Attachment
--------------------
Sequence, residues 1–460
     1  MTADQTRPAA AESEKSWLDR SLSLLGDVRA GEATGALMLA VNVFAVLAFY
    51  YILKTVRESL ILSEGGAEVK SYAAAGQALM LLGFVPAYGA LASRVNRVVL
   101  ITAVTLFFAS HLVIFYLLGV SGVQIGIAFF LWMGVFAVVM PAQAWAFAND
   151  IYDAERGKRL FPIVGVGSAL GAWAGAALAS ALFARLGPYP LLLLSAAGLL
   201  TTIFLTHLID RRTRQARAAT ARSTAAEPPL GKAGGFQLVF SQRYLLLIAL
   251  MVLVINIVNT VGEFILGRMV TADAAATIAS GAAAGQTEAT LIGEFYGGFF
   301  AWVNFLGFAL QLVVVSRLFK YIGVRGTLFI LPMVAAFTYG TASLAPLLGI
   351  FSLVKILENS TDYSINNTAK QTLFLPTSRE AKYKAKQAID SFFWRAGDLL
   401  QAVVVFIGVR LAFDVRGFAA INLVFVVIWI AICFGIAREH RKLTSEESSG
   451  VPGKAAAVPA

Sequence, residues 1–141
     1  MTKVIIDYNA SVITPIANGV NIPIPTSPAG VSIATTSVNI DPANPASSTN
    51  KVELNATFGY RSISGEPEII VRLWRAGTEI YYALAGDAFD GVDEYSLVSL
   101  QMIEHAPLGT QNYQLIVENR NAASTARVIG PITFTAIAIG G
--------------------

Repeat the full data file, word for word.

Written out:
Sequence, residues 1–460
     1  MTADQTRPAA AESEKSWLDR SLSLLGDVRA GEATGALMLA VNVFAVLAFY
    51  YILKTVRESL ILSEGGAEVK SYAAAGQALM LLGFVPAYGA LASRVNRVVL
   101  ITAVTLFFAS HLVIFYLLGV SGVQIGIAFF LWMGVFAVVM PAQAWAFAND
   151  IYDAERGKRL FPIVGVGSAL GAWAGAALAS ALFARLGPYP LLLLSAAGLL
   201  TTIFLTHLID RRTRQARAAT ARSTAAEPPL GKAGGFQLVF SQRYLLLIAL
   251  MVLVINIVNT VGEFILGRMV TADAAATIAS GAAAGQTEAT LIGEFYGGFF
   301  AWVNFLGFAL QLVVVSRLFK YIGVRGTLFI LPMVAAFTYG TASLAPLLGI
   351  FSLVKILENS TDYSINNTAK QTLFLPTSRE AKYKAKQAID SFFWRAGDLL
   401  QAVVVFIGVR LAFDVRGFAA INLVFVVIWI AICFGIAREH RKLTSEESSG
   451  VPGKAAAVPA

Sequence, residues 1–141
     1  MTKVIIDYNA SVITPIANGV NIPIPTSPAG VSIATTSVNI DPANPASSTN
    51  KVELNATFGY RSISGEPEII VRLWRAGTEI YYALAGDAFD GVDEYSLVSL
   101  QMIEHAPLGT QNYQLIVENR NAASTARVIG PITFTAIAIG G